What the heck are “thick-looped towels” and what do they have to do with sustainability?

Cicero from the Dokudu Collection next to a decorative vase

One of the questions we have been getting since we opened up the shop is this: what is a thick-looped towel? Isn’t it the same as a normal terry towel?

The answer is no.

Thick-looped towels are produced in a totally different technique than standard terry towels.

They are not machine made but handcrafted in traditional shuttle looms, like all our products. The weaving method used to make our towels results in longer loops compared to machine made towels and makes them thicker. And even though the factory machines try to imitate the structure of a towel woven in a shuttle loom, they really can’t.

Close-up photo of Freia from the Dokudu Collection

Why Are Longer Loops Better? 

Thicker loops also mean more cotton is used in the making. What you get is a very fluffy and heavy towel, richer in material and SO soft. At the same time, our thick-looped towels release moist faster than machine-made ones. This is because the handcrafted structure of the fabric is less compact, more loose and more breathable.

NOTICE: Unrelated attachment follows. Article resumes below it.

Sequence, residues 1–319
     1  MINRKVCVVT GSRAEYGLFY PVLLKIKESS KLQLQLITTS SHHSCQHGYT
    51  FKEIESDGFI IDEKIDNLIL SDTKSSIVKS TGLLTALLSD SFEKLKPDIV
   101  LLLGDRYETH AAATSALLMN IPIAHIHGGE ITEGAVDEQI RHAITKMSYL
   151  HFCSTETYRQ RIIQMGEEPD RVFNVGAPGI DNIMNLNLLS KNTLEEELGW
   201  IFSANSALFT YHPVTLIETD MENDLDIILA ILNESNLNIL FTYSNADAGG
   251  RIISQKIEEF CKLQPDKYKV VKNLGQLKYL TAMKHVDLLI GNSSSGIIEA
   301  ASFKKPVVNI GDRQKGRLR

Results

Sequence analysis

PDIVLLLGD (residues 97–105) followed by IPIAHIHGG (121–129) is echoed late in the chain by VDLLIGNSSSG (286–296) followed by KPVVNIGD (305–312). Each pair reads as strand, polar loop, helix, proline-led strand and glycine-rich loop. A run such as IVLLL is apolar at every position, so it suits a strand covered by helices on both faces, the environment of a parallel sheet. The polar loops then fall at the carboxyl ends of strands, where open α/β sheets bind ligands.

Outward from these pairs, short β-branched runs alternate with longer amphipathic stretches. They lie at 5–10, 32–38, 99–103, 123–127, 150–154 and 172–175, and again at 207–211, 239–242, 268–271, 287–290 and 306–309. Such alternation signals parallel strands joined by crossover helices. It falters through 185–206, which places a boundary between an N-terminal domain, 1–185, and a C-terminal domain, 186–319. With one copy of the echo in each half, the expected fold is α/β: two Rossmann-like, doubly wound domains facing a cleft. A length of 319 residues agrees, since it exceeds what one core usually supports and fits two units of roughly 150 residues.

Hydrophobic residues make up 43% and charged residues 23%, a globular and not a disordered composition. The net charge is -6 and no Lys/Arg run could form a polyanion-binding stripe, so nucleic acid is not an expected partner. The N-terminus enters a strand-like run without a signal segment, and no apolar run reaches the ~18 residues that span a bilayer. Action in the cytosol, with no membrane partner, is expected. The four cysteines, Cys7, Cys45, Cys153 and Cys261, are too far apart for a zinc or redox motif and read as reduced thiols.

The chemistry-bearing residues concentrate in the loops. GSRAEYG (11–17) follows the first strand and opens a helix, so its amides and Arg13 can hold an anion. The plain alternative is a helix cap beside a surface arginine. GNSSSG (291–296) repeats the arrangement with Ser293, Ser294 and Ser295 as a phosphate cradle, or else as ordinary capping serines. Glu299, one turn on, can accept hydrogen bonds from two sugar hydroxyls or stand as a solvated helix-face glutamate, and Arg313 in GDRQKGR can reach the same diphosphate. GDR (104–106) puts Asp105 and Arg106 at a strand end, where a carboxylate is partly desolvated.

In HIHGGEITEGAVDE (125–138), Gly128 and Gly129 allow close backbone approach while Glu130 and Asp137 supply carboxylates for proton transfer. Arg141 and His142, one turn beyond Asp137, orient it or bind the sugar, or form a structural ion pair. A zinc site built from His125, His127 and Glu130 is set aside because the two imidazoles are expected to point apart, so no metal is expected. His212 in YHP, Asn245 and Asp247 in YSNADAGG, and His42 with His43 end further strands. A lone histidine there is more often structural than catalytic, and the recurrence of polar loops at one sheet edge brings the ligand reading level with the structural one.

In other words, your thick-looped towel will dry faster than any other standard towel you will have. This is not only practical, but also healthier, as it adds an anti-bacterial feature.

Finally, combined with the long fibers of the Turkish cotton used to spin the yarn our thick-looped towels are made of, they make a very durable product. 

Treated rightly, you don’t have to get rid of your towel after a couple years because it’s worn out and dissolving. Like in the good old times, your towel will stay in very good shape for many years to come.

And that, in our opinion, is what sustainability is all about. 

Aesthetic photo of Moby from the Dokudu Collection

Buy Less, Buy Wiser, Buy Better

Making bold statements about environmental issue on a website, or shipping a product in recycled paper with fancy green labels doesn’t help the environment per se. 

If you have to replace a textiles product over and over again, it only means more consumption, more production, more packaging, more shipping, more emissions and more of everything else that brought our planet where it is today. On the other hand, extending the average life of clothes by just three months results in a 5 to 10 percent reduction in each of its carbon, waste, and water footprints, according to the Waste & Resources Action Program, a U.K. environmental nonprofit.

The reason we love our thick-looped towels (and all our products in this matter) is because they are remnants of a time and culture where you buy new things because you want to, not because you have to. Buy less, buy wiser, buy better.

Now THAT is sustainable.

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